Returning to your ten-month residency—your classroom, why not kick-off the fall with the familiar energy of a freshly minted school year and build upon it, pushing through resistance and further pressing the accelerator (instead of releasing it). In The Unstoppable Writing Teacher (2015), Colleen Cruz, author, educator, and literacy consultant, penned a book that acts as a pocket colleague: resourceful and a reminder of how easy energy levels can drop into the red.
What Is It About?
Technically, this text is categorized as a professional text about writing, and it is, but it reads more like a coach: deepening your theoretical understanding and allowing you freedom to adapt any methodology into a style that works best for you. Cruz is the first to admit to that teaching is a profession where travesty looms: pressures, conflicts, and potential pitfalls The end game for any writer’s workshop is to produce stronger writers, and Cruz guides her readers to arrive in a place more confident to lead their writers to a destination of greater potential.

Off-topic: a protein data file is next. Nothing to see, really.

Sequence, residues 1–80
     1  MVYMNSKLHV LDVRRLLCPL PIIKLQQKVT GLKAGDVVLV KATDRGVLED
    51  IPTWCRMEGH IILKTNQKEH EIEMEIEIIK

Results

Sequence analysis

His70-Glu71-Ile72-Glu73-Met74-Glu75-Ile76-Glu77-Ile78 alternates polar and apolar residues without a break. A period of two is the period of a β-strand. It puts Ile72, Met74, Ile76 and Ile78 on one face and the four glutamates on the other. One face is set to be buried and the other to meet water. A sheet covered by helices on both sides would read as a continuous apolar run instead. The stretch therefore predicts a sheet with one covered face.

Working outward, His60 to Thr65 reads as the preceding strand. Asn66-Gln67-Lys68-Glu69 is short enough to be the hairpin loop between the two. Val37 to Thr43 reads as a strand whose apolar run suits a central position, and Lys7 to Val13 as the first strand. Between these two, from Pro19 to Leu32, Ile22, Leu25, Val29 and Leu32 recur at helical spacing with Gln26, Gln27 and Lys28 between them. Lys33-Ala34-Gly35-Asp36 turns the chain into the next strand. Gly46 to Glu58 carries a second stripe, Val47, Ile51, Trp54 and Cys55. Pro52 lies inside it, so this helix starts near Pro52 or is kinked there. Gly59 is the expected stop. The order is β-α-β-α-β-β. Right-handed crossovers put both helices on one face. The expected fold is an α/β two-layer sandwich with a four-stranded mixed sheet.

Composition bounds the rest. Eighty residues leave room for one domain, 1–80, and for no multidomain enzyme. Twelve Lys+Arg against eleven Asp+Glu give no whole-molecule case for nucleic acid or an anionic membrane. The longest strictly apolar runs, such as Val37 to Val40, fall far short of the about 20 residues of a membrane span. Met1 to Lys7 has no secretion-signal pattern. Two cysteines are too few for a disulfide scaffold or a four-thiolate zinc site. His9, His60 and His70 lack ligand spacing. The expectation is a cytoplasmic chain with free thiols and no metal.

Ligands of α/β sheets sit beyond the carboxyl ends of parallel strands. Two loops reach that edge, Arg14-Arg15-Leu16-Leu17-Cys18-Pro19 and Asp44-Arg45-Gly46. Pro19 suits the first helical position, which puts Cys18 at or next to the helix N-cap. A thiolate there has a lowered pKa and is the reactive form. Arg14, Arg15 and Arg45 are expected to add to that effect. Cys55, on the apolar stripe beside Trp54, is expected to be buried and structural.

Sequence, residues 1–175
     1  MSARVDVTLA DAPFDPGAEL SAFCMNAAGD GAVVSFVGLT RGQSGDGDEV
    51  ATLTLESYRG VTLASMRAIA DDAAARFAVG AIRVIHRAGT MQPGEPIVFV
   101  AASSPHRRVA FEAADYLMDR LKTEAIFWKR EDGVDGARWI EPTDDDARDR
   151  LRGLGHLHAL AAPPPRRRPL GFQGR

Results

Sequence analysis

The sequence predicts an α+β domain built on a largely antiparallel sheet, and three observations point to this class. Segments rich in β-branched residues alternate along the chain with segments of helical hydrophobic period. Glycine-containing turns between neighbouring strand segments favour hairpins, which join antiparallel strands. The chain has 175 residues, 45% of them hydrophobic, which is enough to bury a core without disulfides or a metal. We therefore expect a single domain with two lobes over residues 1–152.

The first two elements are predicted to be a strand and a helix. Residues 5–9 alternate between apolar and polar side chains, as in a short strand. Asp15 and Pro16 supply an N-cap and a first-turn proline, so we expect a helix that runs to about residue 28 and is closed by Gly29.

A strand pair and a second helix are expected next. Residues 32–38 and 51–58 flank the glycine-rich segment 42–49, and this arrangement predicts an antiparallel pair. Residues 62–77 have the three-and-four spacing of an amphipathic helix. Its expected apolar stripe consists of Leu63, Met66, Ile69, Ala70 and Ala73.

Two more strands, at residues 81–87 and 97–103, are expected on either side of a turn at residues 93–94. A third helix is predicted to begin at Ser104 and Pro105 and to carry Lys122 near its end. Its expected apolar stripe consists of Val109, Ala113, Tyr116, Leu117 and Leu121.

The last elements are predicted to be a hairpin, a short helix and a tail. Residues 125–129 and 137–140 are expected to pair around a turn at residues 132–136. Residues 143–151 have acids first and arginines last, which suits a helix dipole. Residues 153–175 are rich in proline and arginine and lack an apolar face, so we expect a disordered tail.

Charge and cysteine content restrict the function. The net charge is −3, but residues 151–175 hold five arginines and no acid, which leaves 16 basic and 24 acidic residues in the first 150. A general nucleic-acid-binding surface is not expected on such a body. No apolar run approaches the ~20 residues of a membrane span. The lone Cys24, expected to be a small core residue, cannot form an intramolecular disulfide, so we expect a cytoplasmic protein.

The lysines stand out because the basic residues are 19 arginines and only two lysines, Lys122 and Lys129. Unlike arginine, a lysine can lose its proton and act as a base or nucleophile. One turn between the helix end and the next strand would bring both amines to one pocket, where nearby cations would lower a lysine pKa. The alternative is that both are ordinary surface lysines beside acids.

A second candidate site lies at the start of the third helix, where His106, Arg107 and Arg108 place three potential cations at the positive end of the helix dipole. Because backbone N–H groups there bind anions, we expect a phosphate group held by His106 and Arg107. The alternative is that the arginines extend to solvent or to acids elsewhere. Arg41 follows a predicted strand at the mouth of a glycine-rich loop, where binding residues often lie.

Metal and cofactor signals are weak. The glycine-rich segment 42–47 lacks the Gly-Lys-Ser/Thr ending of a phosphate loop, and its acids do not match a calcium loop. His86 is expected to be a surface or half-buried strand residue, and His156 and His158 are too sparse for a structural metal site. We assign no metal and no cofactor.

Cruz’s most recent publication does not prescribe a particular scope and sequence, nor does it provide a “how to” guide for anything. Quite the contrary, The Unstoppable Writing Teacher speaks conversationally, as if you were enjoying the afternoon break in the day with a collegial lunch-mate. A pleasing read because Cruz didn’t bulk up her book with an abundance of teacher-jargon, and she wove in her own personality throughout the text, further adhering your bond to her as a mentor, and friend. For example, when she recanted what teaching resembles, you find yourself intrigued to tap into her vast resourcefulness and expertise in literacy,